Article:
For his anger endures but a moment; in his favor is life: weeping may endure for a night, but joy comes in the morning.
Day and night constitute the sum of human existence; they are emblematical of joy and sorrow. In figurative language, hope and joy are invariably clad in a vesture of light, whilst fear and grief are robed in sable. The language of our text cannot be applied to the trials and afflictions of the ungodly, but we would notice some of those occasions of weeping which may reasonably be expected to terminate in joy. Of this nature are —
I. THE TEARS THAT FLOW FROM CONVICTION OF SIN and penitential sorrow.
II. The grief that arises FROM CONSCIOUS BACKSLIDING or from the upbraidings of a tender conscience. There is no feeling more oppressively painful than that of being a conscious traitor: and the anguish of the backslider is closely allied to this. Of whatever nature his sins may be, his profoundest grief will arise from their opposition to the Divine nature. "Against Thee, Thee only," etc.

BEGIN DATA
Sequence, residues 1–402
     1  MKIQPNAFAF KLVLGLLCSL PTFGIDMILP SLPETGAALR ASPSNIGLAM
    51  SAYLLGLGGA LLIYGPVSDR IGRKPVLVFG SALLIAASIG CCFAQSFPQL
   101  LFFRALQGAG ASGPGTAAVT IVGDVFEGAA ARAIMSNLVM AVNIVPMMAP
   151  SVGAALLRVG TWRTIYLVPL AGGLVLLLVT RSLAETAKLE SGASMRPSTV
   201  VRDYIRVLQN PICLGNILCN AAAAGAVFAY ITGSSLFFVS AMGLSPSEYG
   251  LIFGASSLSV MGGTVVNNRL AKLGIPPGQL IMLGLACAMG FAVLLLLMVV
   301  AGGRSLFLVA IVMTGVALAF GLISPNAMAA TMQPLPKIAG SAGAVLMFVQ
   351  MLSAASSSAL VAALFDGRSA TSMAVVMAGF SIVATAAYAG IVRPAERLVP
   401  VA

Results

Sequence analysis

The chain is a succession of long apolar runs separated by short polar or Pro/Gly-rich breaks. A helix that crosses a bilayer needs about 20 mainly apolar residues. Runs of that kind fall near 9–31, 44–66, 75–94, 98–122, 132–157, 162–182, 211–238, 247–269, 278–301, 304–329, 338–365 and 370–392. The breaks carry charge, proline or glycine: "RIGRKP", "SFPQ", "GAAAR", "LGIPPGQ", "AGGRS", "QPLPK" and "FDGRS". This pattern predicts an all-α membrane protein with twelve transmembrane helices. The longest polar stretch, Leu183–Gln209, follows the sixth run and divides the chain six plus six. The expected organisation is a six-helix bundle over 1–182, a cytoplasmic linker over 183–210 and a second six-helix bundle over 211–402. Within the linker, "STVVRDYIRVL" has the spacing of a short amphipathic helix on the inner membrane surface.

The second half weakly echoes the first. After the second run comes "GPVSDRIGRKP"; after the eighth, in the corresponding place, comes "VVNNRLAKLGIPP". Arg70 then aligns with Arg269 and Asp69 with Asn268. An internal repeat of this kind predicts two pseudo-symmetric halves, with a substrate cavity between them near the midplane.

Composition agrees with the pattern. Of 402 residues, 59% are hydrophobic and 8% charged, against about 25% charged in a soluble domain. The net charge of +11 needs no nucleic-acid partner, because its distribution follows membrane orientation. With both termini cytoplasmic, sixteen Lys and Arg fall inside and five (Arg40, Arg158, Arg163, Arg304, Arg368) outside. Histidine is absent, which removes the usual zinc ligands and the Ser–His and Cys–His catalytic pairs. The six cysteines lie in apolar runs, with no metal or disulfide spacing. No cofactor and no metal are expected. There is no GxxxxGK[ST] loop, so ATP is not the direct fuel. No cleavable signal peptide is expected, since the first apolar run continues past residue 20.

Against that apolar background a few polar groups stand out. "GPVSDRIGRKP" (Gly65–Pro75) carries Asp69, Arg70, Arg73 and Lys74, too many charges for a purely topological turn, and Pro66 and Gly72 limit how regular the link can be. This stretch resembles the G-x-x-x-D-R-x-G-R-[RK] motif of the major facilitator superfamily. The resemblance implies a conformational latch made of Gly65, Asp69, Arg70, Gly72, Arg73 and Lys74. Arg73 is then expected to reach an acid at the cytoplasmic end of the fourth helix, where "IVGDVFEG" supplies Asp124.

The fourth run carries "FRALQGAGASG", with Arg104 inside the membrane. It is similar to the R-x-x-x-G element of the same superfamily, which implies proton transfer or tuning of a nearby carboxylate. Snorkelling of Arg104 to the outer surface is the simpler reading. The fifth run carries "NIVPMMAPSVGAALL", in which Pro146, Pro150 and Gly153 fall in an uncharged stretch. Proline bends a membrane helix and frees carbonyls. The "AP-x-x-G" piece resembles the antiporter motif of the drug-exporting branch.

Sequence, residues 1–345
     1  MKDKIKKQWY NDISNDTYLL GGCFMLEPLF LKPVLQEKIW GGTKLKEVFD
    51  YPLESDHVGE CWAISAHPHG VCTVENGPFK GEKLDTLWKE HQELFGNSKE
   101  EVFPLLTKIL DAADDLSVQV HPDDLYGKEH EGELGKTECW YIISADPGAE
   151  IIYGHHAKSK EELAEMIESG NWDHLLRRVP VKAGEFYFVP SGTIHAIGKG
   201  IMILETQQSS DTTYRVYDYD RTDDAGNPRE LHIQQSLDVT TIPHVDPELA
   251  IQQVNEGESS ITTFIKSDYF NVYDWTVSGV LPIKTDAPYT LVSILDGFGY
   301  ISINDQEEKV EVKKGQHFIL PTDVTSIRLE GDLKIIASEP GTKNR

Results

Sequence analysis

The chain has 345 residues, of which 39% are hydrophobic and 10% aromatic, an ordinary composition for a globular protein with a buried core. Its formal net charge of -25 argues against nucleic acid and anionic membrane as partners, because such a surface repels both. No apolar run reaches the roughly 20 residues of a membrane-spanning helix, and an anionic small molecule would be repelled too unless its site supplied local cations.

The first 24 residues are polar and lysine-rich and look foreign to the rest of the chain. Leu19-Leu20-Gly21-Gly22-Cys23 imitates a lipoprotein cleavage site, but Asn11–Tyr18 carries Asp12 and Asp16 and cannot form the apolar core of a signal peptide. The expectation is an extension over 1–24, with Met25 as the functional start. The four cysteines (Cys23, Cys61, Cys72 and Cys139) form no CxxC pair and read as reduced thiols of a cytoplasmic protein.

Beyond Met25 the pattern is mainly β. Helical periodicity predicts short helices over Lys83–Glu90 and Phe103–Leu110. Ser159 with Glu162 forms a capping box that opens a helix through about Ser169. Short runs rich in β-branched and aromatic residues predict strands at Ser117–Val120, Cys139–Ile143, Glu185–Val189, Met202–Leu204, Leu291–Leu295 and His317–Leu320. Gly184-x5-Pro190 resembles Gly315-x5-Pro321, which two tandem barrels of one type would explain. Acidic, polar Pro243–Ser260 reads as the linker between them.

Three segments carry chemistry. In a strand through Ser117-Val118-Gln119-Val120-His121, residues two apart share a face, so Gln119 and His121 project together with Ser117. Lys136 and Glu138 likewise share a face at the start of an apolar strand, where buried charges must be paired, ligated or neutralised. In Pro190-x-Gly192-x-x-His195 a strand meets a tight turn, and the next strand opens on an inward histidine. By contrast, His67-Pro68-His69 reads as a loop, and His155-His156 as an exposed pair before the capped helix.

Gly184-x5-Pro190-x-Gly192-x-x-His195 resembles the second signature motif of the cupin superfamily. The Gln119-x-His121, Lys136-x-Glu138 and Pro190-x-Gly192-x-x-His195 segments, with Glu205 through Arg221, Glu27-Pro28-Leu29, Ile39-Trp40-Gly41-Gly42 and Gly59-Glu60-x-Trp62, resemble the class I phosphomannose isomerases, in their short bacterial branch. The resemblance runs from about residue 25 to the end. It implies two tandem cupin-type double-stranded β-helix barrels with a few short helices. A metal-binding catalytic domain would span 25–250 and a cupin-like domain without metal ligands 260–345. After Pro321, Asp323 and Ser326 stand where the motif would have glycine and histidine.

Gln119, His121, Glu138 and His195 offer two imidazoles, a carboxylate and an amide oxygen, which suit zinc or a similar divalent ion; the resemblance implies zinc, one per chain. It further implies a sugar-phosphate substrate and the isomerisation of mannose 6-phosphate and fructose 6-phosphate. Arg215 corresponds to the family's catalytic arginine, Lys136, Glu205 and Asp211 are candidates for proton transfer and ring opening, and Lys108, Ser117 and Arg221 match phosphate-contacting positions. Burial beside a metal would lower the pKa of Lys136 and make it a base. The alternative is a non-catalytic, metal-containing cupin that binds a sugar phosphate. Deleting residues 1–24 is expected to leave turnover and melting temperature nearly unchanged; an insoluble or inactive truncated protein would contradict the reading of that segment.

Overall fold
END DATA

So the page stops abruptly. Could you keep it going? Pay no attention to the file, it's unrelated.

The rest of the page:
III. Those that arise FROM THE SENSE OF SPIRITUAL DESERTION. There are times when we "walk in darkness and have no light," and we receive no communications of grace to raise our drooping spirits. The light of God's countenance is withdrawn. But this loneliness of soul, this desolation of spirit, shall be removed, and the light shall again shine.
IV. THOSE CAUSED BY TEMPORAL AFFLICTIONS, such as loss, bereavement, death. Conclusion.
1. Let the sentiment of the text preserve you from a gloomy despondency.
2. Disarm death of its terrors.
3. Let each individual ask himself, if he be interested in the truth of my text? Will the source of your weeping become a spring of joy? Can you reasonably expect it should be so? It all depends on your being at peace with God. How is it with you?
Parallel VersesKJV: For his anger endureth but a moment; in his favour is life: weeping may endure for a night, but joy cometh in the morning.